Date & time
Free and open to the public. Book signing and reception to follow.
Join the conversation: #policytalks
About the book:
After two decades of brilliant research on American poverty, Kathryn Edin noticed something she hadn’t seen since the mid-1990s — households surviving on virtually no income. Edin teamed with Luke Shaefer, an expert on calculating incomes of the poor, to discover that the number of American families living on $2.00 per person, per day, has skyrocketed to 1.5 million American households, including about 3 million children. Where do these families live? How did they get so desperately poor? Edin has “turned sociology upside down” (Mother Jones) with her procurement of rich — and truthful — interviews. Through the book’s many compelling profiles, moving and startling answers emerge.
The authors illuminate a troubling trend: a low-wage labor market that increasingly fails to deliver a living wage, and a growing but hidden landscape of survival strategies among America’s extreme poor. More than a powerful exposé, $2.00 a Day delivers new evidence and new ideas to our national debate on income inequality.
For more information about $2.00 a Day: Living on Almost Nothing in America, visit the publisher's website.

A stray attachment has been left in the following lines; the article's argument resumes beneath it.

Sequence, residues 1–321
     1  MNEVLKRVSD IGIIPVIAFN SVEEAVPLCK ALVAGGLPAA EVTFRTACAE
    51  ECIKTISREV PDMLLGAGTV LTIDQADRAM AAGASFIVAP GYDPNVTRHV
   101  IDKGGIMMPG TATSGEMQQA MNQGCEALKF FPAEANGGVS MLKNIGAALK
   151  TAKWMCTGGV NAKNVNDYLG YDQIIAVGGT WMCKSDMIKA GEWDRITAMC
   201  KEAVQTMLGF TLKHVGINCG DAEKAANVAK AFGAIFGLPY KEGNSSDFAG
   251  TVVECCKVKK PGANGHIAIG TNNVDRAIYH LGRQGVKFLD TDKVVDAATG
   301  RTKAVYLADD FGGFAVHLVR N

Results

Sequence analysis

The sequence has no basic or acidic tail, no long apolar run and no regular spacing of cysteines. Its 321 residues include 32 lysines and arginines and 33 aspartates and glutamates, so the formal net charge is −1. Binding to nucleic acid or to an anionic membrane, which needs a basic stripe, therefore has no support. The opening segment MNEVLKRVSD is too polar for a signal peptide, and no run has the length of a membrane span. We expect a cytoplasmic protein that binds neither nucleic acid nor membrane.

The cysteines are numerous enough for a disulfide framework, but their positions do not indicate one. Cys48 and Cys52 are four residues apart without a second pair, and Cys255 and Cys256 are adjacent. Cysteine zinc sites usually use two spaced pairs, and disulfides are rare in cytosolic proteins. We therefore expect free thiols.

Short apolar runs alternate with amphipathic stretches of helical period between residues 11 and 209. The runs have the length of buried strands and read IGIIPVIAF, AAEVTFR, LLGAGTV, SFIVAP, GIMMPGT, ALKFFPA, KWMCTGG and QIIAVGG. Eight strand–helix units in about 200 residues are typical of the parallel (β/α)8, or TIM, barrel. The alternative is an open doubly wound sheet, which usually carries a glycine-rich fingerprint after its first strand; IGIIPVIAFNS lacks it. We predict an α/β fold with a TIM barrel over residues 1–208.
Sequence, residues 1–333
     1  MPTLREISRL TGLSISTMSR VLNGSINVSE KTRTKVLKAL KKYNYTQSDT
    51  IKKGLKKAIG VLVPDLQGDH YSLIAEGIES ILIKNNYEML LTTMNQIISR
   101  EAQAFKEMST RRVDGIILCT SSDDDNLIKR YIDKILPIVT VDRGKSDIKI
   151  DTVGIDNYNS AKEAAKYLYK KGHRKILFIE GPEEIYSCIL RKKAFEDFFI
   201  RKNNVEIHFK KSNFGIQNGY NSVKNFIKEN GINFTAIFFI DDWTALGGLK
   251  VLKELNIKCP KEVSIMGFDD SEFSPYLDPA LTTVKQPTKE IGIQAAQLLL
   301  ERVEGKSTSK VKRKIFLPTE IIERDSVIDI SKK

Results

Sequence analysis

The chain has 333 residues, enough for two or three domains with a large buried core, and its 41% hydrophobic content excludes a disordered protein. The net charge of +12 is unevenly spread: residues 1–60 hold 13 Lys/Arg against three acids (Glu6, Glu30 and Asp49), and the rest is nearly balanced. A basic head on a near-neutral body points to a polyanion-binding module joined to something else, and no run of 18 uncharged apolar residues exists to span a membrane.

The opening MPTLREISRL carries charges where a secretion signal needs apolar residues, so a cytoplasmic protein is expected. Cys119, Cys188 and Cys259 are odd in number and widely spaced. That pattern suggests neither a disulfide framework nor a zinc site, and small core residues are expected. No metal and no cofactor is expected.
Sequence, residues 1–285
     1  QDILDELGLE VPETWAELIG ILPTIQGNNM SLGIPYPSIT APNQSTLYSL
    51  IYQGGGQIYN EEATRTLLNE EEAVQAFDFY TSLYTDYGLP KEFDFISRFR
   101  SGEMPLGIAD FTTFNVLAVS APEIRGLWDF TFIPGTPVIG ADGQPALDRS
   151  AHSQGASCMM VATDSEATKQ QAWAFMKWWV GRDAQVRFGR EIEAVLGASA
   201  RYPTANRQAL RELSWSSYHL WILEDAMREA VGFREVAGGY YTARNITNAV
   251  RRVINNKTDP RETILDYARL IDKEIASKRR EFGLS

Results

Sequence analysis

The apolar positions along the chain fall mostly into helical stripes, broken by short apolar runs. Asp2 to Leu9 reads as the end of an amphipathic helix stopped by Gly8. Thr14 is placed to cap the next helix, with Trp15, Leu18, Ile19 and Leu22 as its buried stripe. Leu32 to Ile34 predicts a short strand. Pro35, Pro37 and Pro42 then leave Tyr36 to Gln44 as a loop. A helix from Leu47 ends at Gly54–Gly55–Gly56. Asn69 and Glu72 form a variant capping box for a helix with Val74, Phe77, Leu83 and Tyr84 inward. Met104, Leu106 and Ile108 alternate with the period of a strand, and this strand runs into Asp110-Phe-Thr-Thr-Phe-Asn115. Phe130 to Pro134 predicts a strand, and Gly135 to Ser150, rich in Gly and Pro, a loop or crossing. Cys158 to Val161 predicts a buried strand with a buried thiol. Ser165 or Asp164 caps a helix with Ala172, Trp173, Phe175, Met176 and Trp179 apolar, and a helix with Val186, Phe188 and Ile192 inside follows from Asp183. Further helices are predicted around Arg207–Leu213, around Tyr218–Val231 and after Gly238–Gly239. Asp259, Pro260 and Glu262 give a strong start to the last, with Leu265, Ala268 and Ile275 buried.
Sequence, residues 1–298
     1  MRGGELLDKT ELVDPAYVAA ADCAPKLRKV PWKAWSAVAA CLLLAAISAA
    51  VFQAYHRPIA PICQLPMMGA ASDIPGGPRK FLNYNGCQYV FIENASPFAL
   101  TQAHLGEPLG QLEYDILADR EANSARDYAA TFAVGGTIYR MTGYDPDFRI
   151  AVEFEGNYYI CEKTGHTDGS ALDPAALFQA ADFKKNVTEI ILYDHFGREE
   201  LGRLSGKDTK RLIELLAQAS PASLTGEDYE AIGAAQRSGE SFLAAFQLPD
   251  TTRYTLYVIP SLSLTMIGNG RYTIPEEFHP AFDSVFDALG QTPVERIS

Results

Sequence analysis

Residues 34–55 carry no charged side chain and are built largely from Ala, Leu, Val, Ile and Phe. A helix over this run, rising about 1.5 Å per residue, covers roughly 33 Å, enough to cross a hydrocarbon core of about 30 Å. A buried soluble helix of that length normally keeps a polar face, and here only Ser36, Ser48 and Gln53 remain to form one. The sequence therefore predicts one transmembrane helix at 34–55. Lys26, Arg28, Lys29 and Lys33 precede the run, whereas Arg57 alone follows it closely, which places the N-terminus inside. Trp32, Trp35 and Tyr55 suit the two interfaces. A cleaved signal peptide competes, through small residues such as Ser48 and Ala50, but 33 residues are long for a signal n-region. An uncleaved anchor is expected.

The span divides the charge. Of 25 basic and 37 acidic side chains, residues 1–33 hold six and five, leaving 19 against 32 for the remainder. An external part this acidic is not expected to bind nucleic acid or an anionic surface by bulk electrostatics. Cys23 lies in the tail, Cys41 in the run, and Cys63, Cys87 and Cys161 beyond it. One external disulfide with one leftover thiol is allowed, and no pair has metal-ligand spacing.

From the authors' bios:
H. Luke Shaefer is an associate professor of social work and public policy. His research focuses on the effectiveness of the United States social safety net in serving low-wage workers and economically disadvantaged families. His recent work explores rising levels of extreme poverty in the United States, the impact of the Supplemental Nutrition Assistance Program and other means-tested programs on material hardships, and barriers to unemployment insurance faced by vulnerable workers.
Kathryn Edin is the Bloomberg Distinguished Professor in the Department of Sociology, Zanvyl Krieger School of Arts and Sciences and Department of Population, Family, and Reproductive Health, Bloomberg School of Public Health. She has also taught at Rutgers University, Northwestern University, the University of Pennsylvania, and, most recently, Harvard University as a Professor of Public Policy and Management at the Harvard Kennedy School and chair of their Multidisciplinary Program in Inequality and Social Policy. She is a Trustee of the Russell Sage Foundation and on the Department of Health and Human Services advisory committee for the poverty research centers at Michigan, Wisconsin, and Stanford. She is a founding member of the MacArthur Foundation-funded Network on Housing and Families with Young Children and a past member of the MacArthur Network on the Family and the Economy. In 2014 she became a member of the National Academy of Sciences and the American Academy of Political and Social Sciences.
This event is co-sponsored by the National Poverty Center and the University of Michigan School of Social Work.